Advertisement

Oil & Soap

, Volume 22, Issue 5, pp 120–122 | Cite as

Analysis and fatty acid composition of tobacco seed oils

  • R. W. Riemenschneider
  • R. M. Speck
  • E. G. Beinhart
Article

Summary

THE fatty acid compositions of twelve samples of oil representing a number of different types and varieties of tobacco were determined by the thiocyanometric method. The samples were remarkably uniform in composition, containing on the average 75% linoleic, 15% oleic, and 10% saturated acids.

Spectrophotometric determination of the linoleic acid content of two samples of oil gave values 3.0 and 5.4% higher than those by the thiocyanometric method.

A more complete investigation of the fatty acid constituents of one sample of flue-cured tobacco seed oil was carried out by analysis of fractions obtained by distillation of the methyl esters and by low-temperature crystallization of the distilled ester fractions. The composition calculated from these analyses agreed well with that determined from analysis directly on the oil. The saturated acids consisted of palmitic and stearic acids, the proportions being about 7 and 3%, respectively, of the total fatty acids. Analysis of this sample of oil showed that it contained 0.043% of tocopherol.

From its composition, tobacco seed oil would seem to be particularly suitable for the manufacture of nonyellowing alkyds or for the preparation of technical linoleic acid.

Keywords

Nicotine Linoleic Acid Fatty Acid Composition Methyl Oleate Saturated Acid 
These keywords were added by machine and not by the authors. This process is experimental and the keywords may be updated as the learning algorithm improves.

Preview

Unable to display preview. Download preview PDF.

Unable to display preview. Download preview PDF.

Literature Cited

  1. (1).
    Cohen, N. H., Mededeel, Proefsta. Vorstandland. Tabak No. 14, 57 (1915).Google Scholar
  2. (2).
    Morozov, I., and Grashin, A., Maslobiono-zhirovoe Delo, No. 11–12, 53 (1930).Google Scholar
  3. (3).
    Kaufmann, H. P., Fette u. Seifen48, 193 (1941).CrossRefGoogle Scholar
  4. (4).
    Paris, G., Bot. tec. (R. ist. sci. sper. tabacco, Scafati)17, No. 1, 101 (1920).MathSciNetGoogle Scholar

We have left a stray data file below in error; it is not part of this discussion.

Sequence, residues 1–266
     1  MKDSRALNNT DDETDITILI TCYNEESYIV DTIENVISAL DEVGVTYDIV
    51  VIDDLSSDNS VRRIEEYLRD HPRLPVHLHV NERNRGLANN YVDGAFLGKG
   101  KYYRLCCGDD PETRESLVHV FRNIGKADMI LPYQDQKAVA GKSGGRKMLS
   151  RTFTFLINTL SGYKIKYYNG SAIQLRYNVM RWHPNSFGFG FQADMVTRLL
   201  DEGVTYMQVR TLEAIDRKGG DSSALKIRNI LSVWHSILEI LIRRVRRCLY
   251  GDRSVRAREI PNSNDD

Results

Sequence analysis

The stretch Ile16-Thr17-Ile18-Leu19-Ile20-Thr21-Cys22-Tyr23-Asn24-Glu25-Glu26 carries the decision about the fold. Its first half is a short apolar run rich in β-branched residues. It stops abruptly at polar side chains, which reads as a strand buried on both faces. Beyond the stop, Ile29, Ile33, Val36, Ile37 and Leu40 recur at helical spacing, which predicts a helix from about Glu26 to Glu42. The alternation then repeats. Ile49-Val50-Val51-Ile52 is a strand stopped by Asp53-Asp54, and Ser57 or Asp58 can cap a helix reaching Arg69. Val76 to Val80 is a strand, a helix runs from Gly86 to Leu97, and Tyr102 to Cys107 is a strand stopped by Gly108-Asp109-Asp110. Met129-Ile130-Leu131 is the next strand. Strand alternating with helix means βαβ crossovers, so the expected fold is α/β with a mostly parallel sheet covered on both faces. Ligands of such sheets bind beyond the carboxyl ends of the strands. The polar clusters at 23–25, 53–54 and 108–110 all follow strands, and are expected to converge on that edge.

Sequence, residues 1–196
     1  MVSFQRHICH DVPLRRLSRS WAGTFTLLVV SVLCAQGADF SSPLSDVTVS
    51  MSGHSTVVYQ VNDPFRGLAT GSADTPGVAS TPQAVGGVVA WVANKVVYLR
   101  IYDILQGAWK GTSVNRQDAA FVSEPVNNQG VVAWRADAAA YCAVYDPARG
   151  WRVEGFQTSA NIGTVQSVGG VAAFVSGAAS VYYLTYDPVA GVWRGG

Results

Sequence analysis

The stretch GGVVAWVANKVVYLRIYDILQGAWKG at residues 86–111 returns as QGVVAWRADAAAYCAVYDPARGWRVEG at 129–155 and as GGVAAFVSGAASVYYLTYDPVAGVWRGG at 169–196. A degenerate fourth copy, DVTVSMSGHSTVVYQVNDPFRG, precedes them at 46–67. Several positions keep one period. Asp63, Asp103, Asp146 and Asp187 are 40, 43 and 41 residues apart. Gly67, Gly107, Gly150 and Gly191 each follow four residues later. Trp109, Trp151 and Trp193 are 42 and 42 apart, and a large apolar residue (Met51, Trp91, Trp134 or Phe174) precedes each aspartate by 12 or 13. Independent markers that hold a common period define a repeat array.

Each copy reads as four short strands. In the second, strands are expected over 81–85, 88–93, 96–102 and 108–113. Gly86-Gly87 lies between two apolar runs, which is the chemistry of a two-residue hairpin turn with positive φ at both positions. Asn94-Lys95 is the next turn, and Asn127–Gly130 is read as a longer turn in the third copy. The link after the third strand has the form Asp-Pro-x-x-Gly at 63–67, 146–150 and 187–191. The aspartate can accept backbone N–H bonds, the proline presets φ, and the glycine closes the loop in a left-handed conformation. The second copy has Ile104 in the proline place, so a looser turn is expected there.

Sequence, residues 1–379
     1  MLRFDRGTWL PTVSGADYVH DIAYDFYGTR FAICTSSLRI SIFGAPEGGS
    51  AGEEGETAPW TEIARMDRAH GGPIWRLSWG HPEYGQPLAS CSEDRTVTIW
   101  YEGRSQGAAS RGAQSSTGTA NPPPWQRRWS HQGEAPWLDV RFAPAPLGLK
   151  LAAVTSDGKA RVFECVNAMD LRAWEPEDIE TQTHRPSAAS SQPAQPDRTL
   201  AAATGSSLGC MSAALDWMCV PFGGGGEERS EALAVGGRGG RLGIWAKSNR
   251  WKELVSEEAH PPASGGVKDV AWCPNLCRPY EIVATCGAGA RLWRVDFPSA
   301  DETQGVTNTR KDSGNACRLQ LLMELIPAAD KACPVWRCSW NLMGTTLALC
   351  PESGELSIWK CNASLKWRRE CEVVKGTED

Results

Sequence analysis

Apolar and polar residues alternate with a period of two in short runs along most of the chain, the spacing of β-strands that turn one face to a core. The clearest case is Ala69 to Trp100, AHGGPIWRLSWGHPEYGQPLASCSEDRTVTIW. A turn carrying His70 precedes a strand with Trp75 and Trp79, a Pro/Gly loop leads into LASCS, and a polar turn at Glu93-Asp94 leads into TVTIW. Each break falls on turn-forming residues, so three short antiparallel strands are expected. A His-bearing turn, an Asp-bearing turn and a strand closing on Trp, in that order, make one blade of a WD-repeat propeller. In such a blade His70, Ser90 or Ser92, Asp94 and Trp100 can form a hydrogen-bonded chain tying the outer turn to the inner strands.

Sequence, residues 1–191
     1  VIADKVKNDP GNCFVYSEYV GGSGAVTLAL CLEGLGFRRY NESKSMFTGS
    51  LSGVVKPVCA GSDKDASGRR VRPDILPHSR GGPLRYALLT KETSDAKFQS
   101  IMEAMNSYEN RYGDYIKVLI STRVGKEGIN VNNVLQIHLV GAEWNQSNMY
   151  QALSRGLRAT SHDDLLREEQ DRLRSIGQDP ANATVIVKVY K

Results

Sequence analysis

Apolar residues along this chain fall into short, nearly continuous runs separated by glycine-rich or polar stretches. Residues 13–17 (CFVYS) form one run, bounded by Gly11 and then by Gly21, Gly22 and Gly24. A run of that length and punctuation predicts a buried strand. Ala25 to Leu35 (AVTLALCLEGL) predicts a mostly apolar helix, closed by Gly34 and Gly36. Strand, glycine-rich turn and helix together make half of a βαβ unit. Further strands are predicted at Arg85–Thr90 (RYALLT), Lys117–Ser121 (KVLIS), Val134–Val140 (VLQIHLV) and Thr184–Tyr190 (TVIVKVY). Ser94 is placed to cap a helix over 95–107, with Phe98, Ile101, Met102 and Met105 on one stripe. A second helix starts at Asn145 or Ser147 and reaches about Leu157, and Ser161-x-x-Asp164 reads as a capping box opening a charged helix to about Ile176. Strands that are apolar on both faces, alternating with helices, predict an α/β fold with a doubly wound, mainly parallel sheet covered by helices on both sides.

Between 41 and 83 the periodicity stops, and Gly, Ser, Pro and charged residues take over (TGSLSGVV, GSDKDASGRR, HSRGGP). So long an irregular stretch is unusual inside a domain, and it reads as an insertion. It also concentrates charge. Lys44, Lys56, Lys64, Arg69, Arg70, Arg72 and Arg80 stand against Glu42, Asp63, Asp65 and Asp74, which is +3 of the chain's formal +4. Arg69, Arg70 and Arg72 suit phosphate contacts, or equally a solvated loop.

5. (5).
    Pyatnitzkii, M. P., U.S.S.R. State Inst. Tobacco Inves. Bull.61, 20 (1929).Google Scholar
  6. (6).
    Roberts, W. L., and Schuette, H. A., J. Am. Chem. Soc.56, 207 (1934).CrossRefGoogle Scholar
  7. (7).
    Cruz, A. O., and West, A. P., Phillipine J. Sci.61, 161 (1936).Google Scholar
  8. (8).
    Salisbury, L. F., J. Biol. Chem.117, 21 (1937).Google Scholar
  9. (9).
    Venkatarao, C., Narasingarao, M., and Venkateswarula, A., J. Ind. Chem. Soc.20, 374 (1943).Google Scholar
  10. (10).
    Riemenschneider, R. W., Swift, C. E., and Sando, C. E., Oil and Soap18, 203 (1941).CrossRefGoogle Scholar
  11. (11).
    Brice, B. A., and Swain, M. L., paper presented at the Meeting of the Optical Society of America, New York, October 20–21, 1944.Google Scholar
  12. (12).
    Mitchell, J. H., Jr., Kraybill, H. R., and Zscheile, F. P., Ind. Eng. Chem., Anal. Ed.,15, 1 (1943).CrossRefGoogle Scholar
  13. (13).
    Beadle, B. W., and Kraybill, H. R., J. Am. Chem. Soc.66, 1232 (1944).CrossRefGoogle Scholar
  14. (14).
    King, A. E., Roschen, H. L., and Irwin, W. H., Oil and Soap9, 89 (1932).CrossRefGoogle Scholar
  15. (15).
    Parker, W. E., and McFarlane, W. D., Can. J. Research18B, 405 (1940).Google Scholar

Copyright information

© American Oil Chemists' Society 1945

Authors and Affiliations

  • R. W. Riemenschneider
    • 1
  • R. M. Speck
    • 1
  • E. G. Beinhart
    • 1
  1. 1.Eastern Regional Research LaboratoryPhiladelphia

Personalised recommendations